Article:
The Archbishop of Havana Receives the Ladies in White
The leader of the Ladies in White (Damas de Blanco), Berta Soler, and María Cristina Labrada Varona, representing the women's movement, met on Wednesday morning with the Archbishop of Havana, Juan de la Caridad García Rodríguez.
Soler informed DIARIO DE CUBA that the discussion went ahead in spite of extreme vigilance exercised by the political police "since they left the national headquarters in Lawton until they arrived at the Archbishopric."
"The PNR’s Car 09 was following us from our departure until we reached the Archbishopric, but, thank God, we arrived and had a one-hour meeting with the archbishop," Soler explained.
"We transmitted our concerns to him, and the problems that we are facing with regime forces, which have prohibited us from participating in any masses in the country, not just on Sundays," she explained.
"We offered him the names of the State Security agents who promised to block us from churches across the country. We explained the new modus operandi they have adopted against us to undermine and dismantle our movement, and the fines that are imposed on us just for not carrying our IDs," she added.
In this regard they spoke to the prelate about the need for the Catholic Church to speak out against these human rights violations, but, above all, against the attack being perpetrated on the religious freedom of the Ladies in White."
"He was very receptive and told us that he was going to do everything in his power, and ask the Cuban Government to hold a meeting with the opposition, and establish a dialogue, but that has not happened. He left the door open for another meeting,” said the leader.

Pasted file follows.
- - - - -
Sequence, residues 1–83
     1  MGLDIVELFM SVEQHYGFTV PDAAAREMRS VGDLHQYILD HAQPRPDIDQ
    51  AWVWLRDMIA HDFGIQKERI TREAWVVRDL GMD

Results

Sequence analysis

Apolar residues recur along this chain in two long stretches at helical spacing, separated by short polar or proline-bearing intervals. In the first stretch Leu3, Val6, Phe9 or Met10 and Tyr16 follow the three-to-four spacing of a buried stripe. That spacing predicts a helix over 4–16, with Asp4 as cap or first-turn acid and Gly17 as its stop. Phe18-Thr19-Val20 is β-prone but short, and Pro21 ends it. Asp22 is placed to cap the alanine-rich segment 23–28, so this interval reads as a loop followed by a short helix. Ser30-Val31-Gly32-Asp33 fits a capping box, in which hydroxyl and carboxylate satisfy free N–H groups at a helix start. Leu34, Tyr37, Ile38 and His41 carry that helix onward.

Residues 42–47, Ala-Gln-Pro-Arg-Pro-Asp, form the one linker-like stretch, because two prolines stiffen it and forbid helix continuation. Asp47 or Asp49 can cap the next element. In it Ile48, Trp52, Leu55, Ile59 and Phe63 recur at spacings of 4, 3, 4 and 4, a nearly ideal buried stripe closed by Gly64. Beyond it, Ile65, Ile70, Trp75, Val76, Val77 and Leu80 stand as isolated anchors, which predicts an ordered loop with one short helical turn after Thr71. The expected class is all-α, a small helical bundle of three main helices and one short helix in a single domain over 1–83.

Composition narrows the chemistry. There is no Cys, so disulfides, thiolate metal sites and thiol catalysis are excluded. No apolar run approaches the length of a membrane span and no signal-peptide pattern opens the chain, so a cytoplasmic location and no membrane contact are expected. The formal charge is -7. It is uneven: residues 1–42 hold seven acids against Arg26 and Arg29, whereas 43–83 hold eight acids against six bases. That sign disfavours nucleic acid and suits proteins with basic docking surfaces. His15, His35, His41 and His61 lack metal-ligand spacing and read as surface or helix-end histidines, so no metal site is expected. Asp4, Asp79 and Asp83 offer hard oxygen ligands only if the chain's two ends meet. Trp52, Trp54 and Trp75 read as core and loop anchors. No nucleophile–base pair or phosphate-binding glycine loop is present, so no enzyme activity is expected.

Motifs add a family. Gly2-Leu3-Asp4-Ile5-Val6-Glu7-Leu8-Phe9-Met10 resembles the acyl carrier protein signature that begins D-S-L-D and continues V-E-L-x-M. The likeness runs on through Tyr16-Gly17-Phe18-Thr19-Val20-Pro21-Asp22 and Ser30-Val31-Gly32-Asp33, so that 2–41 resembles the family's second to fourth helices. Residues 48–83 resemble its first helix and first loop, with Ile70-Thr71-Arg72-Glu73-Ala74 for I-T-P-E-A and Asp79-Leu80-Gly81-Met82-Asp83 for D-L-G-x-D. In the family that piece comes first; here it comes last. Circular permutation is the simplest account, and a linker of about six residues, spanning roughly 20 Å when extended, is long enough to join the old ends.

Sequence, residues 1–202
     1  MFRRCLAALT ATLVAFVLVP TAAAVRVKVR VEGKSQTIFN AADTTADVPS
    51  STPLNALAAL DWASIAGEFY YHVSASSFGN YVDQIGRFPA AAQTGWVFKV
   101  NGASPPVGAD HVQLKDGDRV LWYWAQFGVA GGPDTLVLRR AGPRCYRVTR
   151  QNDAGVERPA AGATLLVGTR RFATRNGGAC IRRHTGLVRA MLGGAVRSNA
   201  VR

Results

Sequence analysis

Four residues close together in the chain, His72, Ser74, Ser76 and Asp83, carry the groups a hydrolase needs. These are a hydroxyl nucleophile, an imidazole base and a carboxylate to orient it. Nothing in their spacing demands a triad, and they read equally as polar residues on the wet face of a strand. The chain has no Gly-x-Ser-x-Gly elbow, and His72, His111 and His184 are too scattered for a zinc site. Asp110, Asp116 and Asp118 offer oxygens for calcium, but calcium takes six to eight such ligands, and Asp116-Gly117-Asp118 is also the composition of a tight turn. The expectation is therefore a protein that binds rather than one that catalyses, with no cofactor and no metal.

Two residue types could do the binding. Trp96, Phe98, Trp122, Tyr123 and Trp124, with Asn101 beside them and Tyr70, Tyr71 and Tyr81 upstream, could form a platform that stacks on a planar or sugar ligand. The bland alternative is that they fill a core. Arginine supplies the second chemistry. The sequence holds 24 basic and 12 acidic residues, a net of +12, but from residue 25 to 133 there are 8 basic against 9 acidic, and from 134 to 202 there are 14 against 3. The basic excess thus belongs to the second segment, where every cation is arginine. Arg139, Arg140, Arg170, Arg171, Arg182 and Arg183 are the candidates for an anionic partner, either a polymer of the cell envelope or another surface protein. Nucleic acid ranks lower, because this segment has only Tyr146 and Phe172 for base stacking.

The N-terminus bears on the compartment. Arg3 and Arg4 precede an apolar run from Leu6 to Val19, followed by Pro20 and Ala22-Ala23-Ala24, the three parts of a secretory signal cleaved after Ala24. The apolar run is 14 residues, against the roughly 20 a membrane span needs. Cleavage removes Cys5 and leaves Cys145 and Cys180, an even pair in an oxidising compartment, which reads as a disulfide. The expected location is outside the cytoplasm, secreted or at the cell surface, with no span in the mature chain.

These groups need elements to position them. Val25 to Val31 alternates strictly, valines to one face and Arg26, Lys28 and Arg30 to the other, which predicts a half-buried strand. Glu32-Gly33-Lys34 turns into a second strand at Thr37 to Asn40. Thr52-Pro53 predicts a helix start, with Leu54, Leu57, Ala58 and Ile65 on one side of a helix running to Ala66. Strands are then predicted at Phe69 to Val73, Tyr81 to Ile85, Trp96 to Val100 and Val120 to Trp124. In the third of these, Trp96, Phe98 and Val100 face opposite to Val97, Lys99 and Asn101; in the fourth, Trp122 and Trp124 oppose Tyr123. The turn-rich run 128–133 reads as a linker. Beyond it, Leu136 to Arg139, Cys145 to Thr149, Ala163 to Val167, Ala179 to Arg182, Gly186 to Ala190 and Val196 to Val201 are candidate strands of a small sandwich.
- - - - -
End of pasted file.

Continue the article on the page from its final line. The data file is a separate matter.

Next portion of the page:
"We conveyed to him our hope that by a future meeting he would have some kind of answer."
Monsignor García "gave us each a family Bible, dedicated it to us, and blessed us. We went way optimistic. The change has been terrible. Juan was very amiable, very kind in response to everything we told him. There were even smiles," she concluded.
Juan de la Caridad García was named the metropolitan archbishop of Havana in May of last year, succeeding Cardinal Jaime Ortega Alamino.
At his investiture ceremony he identified the poor, the elderly, prisoners and the marginalized as the primary targets he wished to aid through his mission.
He recently called for socialism, and not capitalism, to progress in Cuba and in another statement condemned abortion as "the first violation of the human rights." He also reiterated some traditional appeals made by the Catholic Church before the State, such as access to the country's schools and jails, and its regular presence in the mass media.